When advocating for your child, try to start off with a positive attitude. Be aware of your child’s educational and legal rights, but do not start off by quoting the law to staff. For children in the public schools, there is specific, legally mandated system to help determine the child’s educational needs. If you feel that your child needs educational testing or special education resources, ask for an ARD meeting. Often parents can assist the school in gathering information to determine whether the child needs testing or special help. If your child has a special educational plan (IEP), always review it carefully before the formal meeting. If possible, both parents should come to the meeting. If one parent is feeling angry or frustrated, try to have the calmer parent do the talking. If the special education process is confusing, you may seek out an educational advocate to come to the meeting with you. If the school does the testing, you do not have to pay for it. You may obtain outside evaluations, at your own expense, to bring to the school meeting.
If you have the time and energy, try to volunteer time for your child’s school. Volunteers can free up some of the teacher’s time. This may, indirectly, give her more time to focus on your child’s needs. This also gives the parent an opportunity to get to know the school environment and some of the child’s classmates. Having a good knowledge of the functioning of your child’s school can help clear up potential misunderstandings.
Some parents choose to arrange for private evaluations or tutoring. Speech therapy, occupational therapy and some other services may be covered by some insurance plans. Some companies have dependent medical care plans which allow the parent to put pre-tax money aside for medical and child care expenses. This can be used to cover certain kinds of assessments and treatments not covered by insurance or paid by the school. Check with your employer or tax specialist. Many private schools have arrangements with tutors and speech therapists. In these cases, the parents usually pay for the services. In some situations, a child in a private school may qualify for free services funded by the public schools. In this case, the parent usually has to drive the child to a public school to get the services there.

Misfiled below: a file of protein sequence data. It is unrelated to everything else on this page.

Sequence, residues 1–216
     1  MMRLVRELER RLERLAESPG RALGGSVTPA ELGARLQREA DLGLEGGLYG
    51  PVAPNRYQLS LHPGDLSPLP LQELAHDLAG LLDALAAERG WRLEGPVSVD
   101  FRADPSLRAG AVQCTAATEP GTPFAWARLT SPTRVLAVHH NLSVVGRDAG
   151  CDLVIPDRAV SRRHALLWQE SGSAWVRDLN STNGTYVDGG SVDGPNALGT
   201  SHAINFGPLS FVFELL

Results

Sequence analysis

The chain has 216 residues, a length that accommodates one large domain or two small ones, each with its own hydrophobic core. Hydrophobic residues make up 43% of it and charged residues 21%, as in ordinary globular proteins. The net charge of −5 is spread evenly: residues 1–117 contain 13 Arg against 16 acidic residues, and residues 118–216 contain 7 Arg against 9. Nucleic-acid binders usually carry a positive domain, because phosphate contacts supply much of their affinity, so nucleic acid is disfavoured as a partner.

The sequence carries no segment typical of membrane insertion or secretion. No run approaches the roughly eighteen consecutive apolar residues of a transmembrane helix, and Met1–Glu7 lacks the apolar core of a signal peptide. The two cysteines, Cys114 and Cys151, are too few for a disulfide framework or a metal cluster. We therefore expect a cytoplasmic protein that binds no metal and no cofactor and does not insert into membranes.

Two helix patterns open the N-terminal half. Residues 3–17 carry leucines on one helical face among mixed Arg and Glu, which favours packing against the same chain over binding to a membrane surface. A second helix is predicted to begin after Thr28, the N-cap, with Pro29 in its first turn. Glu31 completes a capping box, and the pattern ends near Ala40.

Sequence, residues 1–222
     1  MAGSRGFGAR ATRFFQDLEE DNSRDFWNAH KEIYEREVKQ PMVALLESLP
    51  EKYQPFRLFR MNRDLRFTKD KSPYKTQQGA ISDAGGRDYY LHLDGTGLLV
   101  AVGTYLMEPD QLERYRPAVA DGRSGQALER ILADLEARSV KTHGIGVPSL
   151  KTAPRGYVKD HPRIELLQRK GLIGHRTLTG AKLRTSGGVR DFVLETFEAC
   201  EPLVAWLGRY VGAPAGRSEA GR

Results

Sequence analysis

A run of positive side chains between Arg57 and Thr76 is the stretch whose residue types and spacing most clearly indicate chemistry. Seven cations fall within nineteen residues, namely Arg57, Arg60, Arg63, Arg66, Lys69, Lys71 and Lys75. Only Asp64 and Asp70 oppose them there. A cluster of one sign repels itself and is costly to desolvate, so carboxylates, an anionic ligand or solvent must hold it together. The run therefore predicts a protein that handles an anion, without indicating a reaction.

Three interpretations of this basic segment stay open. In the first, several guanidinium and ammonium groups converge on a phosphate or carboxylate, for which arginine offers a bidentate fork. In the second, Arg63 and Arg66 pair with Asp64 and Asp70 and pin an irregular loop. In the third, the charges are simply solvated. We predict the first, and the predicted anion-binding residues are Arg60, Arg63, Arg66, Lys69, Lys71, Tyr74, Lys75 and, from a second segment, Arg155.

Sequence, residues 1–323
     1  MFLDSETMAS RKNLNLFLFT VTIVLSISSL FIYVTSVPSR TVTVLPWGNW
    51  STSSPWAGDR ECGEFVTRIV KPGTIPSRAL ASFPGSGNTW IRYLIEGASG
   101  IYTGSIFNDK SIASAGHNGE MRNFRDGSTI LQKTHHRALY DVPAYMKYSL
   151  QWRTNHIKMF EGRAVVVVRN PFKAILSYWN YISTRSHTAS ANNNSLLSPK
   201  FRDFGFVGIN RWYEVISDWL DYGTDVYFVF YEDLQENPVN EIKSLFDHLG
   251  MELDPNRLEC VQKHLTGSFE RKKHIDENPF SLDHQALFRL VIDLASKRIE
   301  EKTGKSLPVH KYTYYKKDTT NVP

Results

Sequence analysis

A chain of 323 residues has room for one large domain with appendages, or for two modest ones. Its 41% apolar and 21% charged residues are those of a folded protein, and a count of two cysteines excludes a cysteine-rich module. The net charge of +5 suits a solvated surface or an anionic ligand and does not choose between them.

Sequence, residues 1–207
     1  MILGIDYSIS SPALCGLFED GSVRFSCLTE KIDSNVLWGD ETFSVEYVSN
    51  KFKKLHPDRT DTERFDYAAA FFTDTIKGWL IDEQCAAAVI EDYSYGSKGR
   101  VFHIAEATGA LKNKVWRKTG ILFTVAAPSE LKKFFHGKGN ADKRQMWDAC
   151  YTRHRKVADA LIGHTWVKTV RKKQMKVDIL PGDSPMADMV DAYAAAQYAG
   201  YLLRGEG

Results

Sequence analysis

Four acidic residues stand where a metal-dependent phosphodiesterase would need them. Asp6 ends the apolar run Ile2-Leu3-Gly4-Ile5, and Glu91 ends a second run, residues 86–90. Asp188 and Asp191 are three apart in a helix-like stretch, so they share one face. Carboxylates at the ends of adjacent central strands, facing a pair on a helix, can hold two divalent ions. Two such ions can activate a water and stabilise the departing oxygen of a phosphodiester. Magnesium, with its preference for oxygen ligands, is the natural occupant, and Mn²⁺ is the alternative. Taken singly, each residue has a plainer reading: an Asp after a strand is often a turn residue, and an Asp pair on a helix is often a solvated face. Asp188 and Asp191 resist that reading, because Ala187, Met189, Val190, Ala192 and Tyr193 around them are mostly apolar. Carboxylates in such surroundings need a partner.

Ultimately the most important thing is to instill in your child a positive self-esteem and an attitude of responsibility and mastery. The child should be encouraged to learn all he can about ADHD. At the same time, the child should take responsibility for his actions.
1. You Mean I’m Not Lazy, Stupid or Crazy? By Kelly and Ramundo
2. Driven to Distraction by Hallowell and Ratey
3. The Hyperactive Child, Adolescent and Adult Attention Deficit Disorder Through the Lifespan by Wender
4. Attention Deficit Disorder, A Different Perception by Hartmann
5. ADHD in the Schools, Assessment and Intervention Strategies by DuPaul and Stoner.
Written for Children
1. Eagle Eyes (A child’s Guide to Paying Attention) by Gehret
2. Otto Learns About His Medication by Galvin
3. Distant Drums, Different Drummers by Ingersol
4. I’m Somebody Too By Gehret (for siblings)